How to create a killer careers page on your company website
Last Updated on September 14, 2021
You want to place your company in the best light possible. A short description of what you do—your elevator pitch—is all that’s necessary. The rest of your website details services, products, and the rest.
The last time you were job searching, how did you feel about the Careers pages you visited? Lame? Exciting? Can’t remember because they all look the same (or it’s been too long)?
Contrary to popular belief, careers pages aren’t all about the company. Careers pages that convert help potential hires put themselves in a story that involves your company. To help you optimize your careers page, we’ll show you what you should include and avoid.
- Explain what your company does—and why
- Bring your company culture to life with video
- Tell candidates what they can achieve for themselves and others
- Talk about the characteristics you’re seeking—rather than your mission and values
- Showcase positions boldly on the career page
- Answer core questions about benefits and physical or virtual office life transparently
- Design the careers page to wow and function well
- Three things your careers page shouldn’t do
Explain what your company does, and why
Why you do what you do is a thoughtful add-on. What motivates you (other than money) to show up and give it your best every day? What do you tell your employees? Why do employees want to be there? Keep it short, but make it memorable.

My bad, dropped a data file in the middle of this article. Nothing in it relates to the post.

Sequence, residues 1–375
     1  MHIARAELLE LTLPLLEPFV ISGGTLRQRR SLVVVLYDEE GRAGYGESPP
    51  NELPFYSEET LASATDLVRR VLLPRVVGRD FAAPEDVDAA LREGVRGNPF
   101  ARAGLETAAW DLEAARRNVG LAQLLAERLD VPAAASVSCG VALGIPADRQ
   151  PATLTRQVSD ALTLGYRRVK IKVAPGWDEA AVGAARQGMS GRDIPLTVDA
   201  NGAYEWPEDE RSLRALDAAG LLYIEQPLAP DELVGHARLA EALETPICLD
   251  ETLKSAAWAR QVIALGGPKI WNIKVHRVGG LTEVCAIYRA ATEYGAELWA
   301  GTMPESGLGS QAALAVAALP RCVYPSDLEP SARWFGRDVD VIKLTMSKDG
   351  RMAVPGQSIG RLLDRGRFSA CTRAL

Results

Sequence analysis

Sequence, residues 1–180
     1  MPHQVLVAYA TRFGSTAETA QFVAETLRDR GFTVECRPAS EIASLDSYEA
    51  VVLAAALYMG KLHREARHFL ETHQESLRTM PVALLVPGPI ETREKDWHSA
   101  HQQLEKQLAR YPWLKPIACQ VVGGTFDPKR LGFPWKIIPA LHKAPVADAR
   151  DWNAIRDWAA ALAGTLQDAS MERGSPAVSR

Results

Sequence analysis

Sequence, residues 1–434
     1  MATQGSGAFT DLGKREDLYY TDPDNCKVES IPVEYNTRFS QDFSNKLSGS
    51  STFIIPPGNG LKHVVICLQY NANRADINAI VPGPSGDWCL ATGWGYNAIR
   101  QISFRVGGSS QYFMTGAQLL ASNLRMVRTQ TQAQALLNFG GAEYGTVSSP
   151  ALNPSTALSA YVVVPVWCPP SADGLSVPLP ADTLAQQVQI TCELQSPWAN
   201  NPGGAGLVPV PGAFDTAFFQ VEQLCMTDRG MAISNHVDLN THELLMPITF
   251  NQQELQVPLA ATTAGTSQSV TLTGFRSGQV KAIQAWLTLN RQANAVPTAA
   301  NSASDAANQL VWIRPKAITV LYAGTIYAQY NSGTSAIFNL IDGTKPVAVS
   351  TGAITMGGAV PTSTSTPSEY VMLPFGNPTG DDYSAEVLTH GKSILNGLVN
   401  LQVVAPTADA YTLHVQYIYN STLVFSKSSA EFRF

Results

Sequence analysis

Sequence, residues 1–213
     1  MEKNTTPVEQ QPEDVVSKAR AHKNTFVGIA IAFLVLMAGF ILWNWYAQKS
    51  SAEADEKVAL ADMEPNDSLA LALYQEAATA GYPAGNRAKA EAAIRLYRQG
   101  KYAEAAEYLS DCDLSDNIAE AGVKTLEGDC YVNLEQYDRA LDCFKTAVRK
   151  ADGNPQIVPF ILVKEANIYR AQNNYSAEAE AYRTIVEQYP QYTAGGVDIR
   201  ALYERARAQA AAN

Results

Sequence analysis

Bring your company culture to life authentically – AKA: how to create a recruitment video
Who better to talk about the mission, values, and your great workplace than your own team? Capturing them on video speaking about the joys of your business will set a lasting impression on potential candidates. Instead of listing What do they like about working there? Can we see them working with each other or clients in relaxed settings? Avoid talking heads unless they’re compelling, short, and interspersed with b-roll footage.
To improve your careers page video, consider talking about the actions people take to embody the values and mission of the company (rather than simply listing them). For example:
- They volunteer for new projects
- They say yes before they feel ready
- They take ownership of every project they’re on, regardless of their role
- They listen well
- They refuse to take themselves too seriously
It goes without saying that you should use real people, not stock footage.
Tell candidates what they can achieve, for themselves and for your customers
By being part of your company, what will candidates be able to do? Save the whales? Transform small companies who can’t afford big agencies? Work with people of integrity who are doing stellar work? Become a VP? Cast a vision and invite them into a really good story.
Here’s an example of a great testimonial from a team member: “I don’t just sit and code every day. I help small companies create solid websites that enable them to do more business and serve more people.”
Talk about the characteristics you’re seeking—rather than your mission and values.